He plays a pair of violent criminal twins. The film, Legend, has Hardy playing an openly gay man in the 1960s. During a press conference for the film at the Toronto International Film Festival on Sunday, a question was asked by a reporter for an LGBT publication, Daily Xtra. Reporter Graeme Coleman seemed to start out well but was quickly derailed by the to-the-point Hardy when his question didn't seem to come out the way he had planned.
Coleman asked, "In the film, your character, Ronnie, is very open about his sexuality, but given interviews you’ve done in the past, your own sexuality seems a bit more ambiguous."
Not a terrible start, but here is where things went awry. He continued, "Do you find it hard for celebrities to talk to the media about their sexuality?"
Excuse me, what?
You can hear the brief and uncomfortable interchange around minute 28.
What started off with seemingly good intentions or possibly even a really good question took a nosedive off a cliff, crashed and burned. From the wreckage, the reporter kept trying to salvage something but, again, failed miserably as Hardy quickly and emphatically shut him down.
He responded, "What on earth are you talking about?"
Coleman tried to explain; Hardy asked again, "But what is your question?"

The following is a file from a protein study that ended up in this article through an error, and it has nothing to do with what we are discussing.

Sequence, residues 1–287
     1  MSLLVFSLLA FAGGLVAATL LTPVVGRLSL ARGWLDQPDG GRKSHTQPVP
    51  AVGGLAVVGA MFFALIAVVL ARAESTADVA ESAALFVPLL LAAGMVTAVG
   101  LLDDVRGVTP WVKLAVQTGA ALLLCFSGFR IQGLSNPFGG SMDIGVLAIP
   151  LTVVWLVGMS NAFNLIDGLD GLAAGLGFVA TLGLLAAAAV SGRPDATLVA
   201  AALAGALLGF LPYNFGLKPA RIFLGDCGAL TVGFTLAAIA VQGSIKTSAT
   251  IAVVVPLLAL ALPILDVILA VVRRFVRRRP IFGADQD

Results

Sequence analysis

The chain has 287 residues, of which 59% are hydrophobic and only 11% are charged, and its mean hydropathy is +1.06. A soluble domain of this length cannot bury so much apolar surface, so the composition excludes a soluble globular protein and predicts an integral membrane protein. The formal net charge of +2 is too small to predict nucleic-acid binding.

Hardy finally said, Thank you," and moved on to the next question as if nothing had happened.
Back in 2008, Hardy posed for the cover of a British gay magazine, Attitude, and in an interview for the magazine, danced around if he had or hadn't slept with men. He said many things, such as, "I'm an artist. I've played with everything and everyone," but immediately followed it up with, “but I’m not into men sexually." Then he confused us all again by saying, "I'm into my 30s and it doesn't do it for me, and I'm done experimenting."
Since then, Hardy hasn't talked about his sexuality at all. So the reporter's question wasn't completely off the mark, it just got slightly lost in translation. Had he thought it out better, maybe framed it to relate to the film by saying something like, "How did your own sexuality help prepare you, etc.," it possibly wouldn't have come off as so prying or awkwardly asking Hardy about the sexuality of the rest of Hollywood.
Moral of the story: Prepare your questions more solidly for the next press conference.
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